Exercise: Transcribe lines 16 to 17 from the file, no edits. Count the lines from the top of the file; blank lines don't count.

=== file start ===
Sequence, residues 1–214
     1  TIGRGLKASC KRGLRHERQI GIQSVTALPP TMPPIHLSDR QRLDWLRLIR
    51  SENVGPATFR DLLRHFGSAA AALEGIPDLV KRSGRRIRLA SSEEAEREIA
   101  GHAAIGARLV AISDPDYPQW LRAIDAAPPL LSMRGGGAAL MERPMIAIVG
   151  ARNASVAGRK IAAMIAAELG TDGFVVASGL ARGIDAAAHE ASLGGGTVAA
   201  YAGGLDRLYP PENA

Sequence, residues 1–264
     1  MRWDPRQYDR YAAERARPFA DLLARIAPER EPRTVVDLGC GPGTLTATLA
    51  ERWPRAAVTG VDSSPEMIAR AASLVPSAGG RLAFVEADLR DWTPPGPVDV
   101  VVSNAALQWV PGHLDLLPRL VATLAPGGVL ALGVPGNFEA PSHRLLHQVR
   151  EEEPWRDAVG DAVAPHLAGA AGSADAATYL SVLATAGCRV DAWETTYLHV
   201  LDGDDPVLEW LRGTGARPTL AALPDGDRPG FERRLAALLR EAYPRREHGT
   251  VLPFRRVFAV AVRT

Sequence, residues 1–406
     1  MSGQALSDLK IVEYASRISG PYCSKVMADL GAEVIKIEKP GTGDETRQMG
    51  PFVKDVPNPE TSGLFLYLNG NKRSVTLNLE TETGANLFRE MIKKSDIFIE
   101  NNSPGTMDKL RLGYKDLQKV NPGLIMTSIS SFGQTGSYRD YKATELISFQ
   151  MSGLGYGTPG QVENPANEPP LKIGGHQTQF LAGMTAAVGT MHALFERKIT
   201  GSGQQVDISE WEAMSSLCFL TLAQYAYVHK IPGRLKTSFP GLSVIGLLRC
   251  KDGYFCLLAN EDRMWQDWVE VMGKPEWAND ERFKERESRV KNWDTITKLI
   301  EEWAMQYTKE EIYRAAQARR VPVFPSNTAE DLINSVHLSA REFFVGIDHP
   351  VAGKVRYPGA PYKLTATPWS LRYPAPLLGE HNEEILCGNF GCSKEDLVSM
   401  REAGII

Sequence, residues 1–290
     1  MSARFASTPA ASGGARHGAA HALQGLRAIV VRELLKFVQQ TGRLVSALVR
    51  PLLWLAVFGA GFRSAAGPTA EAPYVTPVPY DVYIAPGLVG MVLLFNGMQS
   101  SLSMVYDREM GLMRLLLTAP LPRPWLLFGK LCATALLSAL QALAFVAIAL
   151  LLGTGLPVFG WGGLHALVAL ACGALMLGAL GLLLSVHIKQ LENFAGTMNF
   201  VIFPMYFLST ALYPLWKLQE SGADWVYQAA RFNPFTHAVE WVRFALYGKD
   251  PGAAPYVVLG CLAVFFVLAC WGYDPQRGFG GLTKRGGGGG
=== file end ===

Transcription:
    51  PFVKDVPNPE TSGLFLYLNG NKRSVTLNLE TETGANLFRE MIKKSDIFIE
   101  NNSPGTMDKL RLGYKDLQKV NPGLIMTSIS SFGQTGSYRD YKATELISFQ